Clear-eyed view on rubbish HOW TO REDUCE YOUR WASTE
COULD see-through rubbish and recycling bins be what it takes to make people take responsibility for just how much they throw away?
Clear rubbish bins will replace traditional green bins in some streets during the next eight weeks to draw attention to a new campaign to help people reduce their rubbish and recycling loads.
“The idea behind the clear bins is so people can’t ignore what is going in their bin,” Mindarie Regional Council chief executive Gunther Hoppe said.
“They can see how full their neighbour’s bin is and start a conversation about how they reduce their waste.”
■ Line your household rubbish bin with newspaper instead of buying plastic bin bags.
■ Buy what you need and will use to avoid waste
■ Buy loose instead of packaged
■ Avoid plastic containers
■ Reuse glass jars as vases or candle holders
■ Check your council's website for more about what can be reused or recycled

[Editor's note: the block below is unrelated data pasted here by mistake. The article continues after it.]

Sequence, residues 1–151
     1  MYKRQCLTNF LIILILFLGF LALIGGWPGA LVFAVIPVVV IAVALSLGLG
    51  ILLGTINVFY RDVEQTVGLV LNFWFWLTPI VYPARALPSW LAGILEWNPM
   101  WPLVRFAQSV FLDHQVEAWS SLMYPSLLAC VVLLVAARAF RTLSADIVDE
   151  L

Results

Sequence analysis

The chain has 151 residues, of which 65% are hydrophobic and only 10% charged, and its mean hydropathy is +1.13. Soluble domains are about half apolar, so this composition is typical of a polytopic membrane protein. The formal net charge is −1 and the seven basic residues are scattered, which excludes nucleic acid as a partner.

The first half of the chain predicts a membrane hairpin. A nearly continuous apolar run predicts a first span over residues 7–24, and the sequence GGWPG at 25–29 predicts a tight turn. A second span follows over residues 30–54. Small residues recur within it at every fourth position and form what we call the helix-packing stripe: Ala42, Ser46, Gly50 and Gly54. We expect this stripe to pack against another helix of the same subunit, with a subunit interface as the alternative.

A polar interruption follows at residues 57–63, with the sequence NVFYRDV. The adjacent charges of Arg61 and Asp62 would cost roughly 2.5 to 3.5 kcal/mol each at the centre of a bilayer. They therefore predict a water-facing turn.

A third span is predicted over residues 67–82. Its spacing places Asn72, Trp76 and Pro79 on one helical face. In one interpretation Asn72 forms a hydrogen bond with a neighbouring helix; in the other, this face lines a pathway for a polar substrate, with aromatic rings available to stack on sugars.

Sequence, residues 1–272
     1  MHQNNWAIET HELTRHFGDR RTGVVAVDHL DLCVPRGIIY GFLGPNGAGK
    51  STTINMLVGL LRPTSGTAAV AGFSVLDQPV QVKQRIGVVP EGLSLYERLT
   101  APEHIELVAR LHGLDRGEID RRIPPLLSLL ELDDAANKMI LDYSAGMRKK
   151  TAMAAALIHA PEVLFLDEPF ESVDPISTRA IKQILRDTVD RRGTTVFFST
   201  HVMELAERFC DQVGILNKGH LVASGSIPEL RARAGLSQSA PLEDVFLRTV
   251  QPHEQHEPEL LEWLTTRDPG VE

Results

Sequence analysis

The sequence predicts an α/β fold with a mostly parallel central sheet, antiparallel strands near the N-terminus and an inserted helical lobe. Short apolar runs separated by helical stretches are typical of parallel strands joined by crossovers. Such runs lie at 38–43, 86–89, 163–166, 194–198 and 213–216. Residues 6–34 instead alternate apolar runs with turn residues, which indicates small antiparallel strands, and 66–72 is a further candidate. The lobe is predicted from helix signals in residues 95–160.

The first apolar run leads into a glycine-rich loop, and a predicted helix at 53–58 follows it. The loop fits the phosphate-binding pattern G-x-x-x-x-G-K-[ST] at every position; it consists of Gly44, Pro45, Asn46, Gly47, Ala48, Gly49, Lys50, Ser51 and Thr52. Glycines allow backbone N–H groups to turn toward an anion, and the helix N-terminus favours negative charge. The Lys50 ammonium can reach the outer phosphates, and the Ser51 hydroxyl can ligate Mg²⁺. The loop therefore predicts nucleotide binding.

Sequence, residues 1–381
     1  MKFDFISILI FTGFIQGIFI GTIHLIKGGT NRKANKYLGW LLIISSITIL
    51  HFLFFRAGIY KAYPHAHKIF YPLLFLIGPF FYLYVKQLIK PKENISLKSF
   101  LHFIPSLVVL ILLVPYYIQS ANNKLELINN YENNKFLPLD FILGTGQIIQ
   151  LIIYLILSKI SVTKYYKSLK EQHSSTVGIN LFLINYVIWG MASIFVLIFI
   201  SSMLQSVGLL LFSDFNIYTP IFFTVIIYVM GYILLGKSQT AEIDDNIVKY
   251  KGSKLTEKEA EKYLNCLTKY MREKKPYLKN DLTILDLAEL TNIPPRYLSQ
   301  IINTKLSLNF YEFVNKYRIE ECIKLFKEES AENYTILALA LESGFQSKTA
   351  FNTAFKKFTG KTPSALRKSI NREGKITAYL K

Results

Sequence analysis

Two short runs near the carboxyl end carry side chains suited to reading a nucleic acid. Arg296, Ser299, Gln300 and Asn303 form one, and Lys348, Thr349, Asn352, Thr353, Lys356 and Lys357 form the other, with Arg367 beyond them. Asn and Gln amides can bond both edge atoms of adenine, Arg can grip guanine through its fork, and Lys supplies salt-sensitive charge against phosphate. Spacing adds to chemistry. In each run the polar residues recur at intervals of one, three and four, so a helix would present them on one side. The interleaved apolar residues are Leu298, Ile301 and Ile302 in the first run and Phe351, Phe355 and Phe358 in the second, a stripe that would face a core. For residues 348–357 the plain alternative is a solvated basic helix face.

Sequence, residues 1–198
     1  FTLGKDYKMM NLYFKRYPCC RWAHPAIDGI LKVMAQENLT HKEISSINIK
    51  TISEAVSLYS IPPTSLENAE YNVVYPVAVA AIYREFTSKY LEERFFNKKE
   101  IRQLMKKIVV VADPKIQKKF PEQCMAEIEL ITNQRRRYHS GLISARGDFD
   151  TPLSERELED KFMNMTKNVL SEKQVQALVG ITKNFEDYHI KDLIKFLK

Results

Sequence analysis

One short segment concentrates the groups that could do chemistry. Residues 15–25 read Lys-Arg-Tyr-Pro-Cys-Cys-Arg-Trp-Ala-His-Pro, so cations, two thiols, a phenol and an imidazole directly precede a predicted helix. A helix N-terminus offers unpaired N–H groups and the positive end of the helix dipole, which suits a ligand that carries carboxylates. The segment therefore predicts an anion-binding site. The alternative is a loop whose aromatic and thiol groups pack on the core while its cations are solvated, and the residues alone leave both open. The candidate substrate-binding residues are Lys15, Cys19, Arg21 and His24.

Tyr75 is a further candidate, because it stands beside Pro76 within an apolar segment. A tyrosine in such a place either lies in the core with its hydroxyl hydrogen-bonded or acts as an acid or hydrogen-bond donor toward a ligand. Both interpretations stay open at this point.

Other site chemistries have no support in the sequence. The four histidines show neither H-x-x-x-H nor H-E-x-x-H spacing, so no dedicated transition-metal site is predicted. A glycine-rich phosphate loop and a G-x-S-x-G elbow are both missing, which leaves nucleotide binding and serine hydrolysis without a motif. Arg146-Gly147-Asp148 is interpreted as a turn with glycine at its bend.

As part of the campaign, 20 seethrough bins will be rotated on high traffic streets during the next eight weeks. There is no plan for clear bins to permanently replace traditional green rubbish and recycling bins.
Campaign creators acknowledged the ‘gimmick’ was controversial but wanted to jolt a
realisation that reducing rubbish and recycling was not just a problem for the local council – it was everyone’s problem.
“We want people to look at how they cannot generate the waste in the first place or reuse or repurpose the materials they are recycling,” Mr Hoppe said.
Karen Haseldine and her son Miles with one of the clear bins.